This is why someone like an Athanasius, Basil, Gregory the Theologian, Maximus are safe guides and equal in authority to Moses, Isaiah, Jeremiah, Paul the apostle, John the apostle, and all the rest. They've had the same experience of the divine uncreated glory.

Those who know nothing of this are simply quack doctors.

Daniel Jones

Anonymous said...


Once again someone has decided on their own authority that non-inspired authors should be held on the same plane as inspired Scripture. Despite a lengthly quote, you are wrong to assume that these other men should be follwed the same as Scripture.

Anonymous said...

It's more like I'm following the witness of the holy Fathers then my own autonomous authority. It sounds like to me anyway, you don't know what a church Father is.

If you think I'm saying these men's writings are canonical, of course not. But to say that they aren't inspired you are dead wrong. There is no higher inspiration then vision of God's uncreate glory, that's what makes one a theologian in the fullest sense like a Gregory Palamas, Symeon the theologian, or a Maximus the Confessor--which is why you don't have any since your views are rationalistic, even if buttressed with divine preemption, about what you THINK about God. This is why you can't have formal doctrine. Doctrines are just the views of men, since they are built on the back of what you think about Him and not grounded in experiencing and being united with the very BEING of God: God's energies. Every doctrine is in PRINCIPLE revisable because of this. There just isn't formal doctrine that can be infallible.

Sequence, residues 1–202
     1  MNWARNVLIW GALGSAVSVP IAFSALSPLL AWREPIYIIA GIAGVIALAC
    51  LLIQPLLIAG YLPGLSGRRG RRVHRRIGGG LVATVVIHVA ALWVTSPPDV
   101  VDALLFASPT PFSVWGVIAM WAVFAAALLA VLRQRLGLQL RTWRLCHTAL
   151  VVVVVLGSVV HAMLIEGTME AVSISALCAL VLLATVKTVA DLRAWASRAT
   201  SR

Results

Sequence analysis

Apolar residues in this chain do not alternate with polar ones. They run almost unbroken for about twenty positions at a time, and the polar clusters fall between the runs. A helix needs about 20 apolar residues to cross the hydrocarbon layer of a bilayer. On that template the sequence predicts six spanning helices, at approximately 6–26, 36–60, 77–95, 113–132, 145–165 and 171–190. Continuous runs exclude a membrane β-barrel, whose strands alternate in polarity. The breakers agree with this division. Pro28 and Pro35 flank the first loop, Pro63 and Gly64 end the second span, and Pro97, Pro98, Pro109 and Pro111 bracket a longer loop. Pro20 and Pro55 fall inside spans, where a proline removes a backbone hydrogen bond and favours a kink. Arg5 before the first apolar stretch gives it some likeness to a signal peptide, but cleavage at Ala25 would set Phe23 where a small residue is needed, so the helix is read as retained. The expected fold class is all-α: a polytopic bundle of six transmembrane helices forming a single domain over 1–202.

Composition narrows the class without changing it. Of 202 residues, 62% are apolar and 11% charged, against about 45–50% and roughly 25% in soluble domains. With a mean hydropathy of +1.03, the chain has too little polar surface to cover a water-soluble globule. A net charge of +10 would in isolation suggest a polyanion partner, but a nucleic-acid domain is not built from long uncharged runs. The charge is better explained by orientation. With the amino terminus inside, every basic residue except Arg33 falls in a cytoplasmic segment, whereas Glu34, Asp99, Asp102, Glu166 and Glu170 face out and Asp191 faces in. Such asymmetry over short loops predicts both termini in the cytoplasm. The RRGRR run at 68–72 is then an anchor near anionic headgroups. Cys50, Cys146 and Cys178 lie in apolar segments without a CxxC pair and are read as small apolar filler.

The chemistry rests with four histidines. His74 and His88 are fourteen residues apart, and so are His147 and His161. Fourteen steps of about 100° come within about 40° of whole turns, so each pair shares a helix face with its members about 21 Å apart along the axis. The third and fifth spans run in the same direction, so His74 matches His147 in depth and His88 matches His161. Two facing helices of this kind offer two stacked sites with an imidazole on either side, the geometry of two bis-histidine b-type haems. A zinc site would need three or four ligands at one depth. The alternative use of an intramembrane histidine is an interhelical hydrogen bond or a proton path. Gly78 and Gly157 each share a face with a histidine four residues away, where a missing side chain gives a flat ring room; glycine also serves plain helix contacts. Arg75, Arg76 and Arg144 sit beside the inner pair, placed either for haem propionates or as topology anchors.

Your ideas are also Arian, since all you can be united with are voluntarist *created* relations--which would also say something about how you view revelation in the first place.


CrimsonCatholic said...

"Compare how the scriptures vary from what the men you follow are told. Compare how allegedly infallible men you follow have contradicted each other. The answer is plain for someone who seeks the truth."

I agree that the answer is plain for someone who seeks the truth. Someone who seeks the truth sees that Scripture supports historical Christianity. Someone who seeks the truth recognizes that the "contradictions" allegedly identified by skeptics in both Scripture and Tradition are based on worship of human reason above everything (including God). Someone who seeks the truth inevitably returns home to the successors of the Apostles. We can only pray that God will one say give everyone the gift of seeking the truth. Peace.